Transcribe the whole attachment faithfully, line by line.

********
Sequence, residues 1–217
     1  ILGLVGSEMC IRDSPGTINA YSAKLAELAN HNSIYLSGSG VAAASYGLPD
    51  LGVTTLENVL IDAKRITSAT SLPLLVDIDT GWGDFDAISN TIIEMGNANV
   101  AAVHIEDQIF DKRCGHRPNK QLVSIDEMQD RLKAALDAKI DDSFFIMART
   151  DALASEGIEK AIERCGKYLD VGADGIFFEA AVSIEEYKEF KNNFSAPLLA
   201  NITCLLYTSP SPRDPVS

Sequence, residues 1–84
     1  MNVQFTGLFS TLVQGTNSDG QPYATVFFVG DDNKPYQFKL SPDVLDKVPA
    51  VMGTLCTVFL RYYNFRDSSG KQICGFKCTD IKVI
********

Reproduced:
Sequence, residues 1–217
     1  ILGLVGSEMC IRDSPGTINA YSAKLAELAN HNSIYLSGSG VAAASYGLPD
    51  LGVTTLENVL IDAKRITSAT SLPLLVDIDT GWGDFDAISN TIIEMGNANV
   101  AAVHIEDQIF DKRCGHRPNK QLVSIDEMQD RLKAALDAKI DDSFFIMART
   151  DALASEGIEK AIERCGKYLD VGADGIFFEA AVSIEEYKEF KNNFSAPLLA
   201  NITCLLYTSP SPRDPVS

Sequence, residues 1–84
     1  MNVQFTGLFS TLVQGTNSDG QPYATVFFVG DDNKPYQFKL SPDVLDKVPA
    51  VMGTLCTVFL RYYNFRDSSG KQICGFKCTD IKVI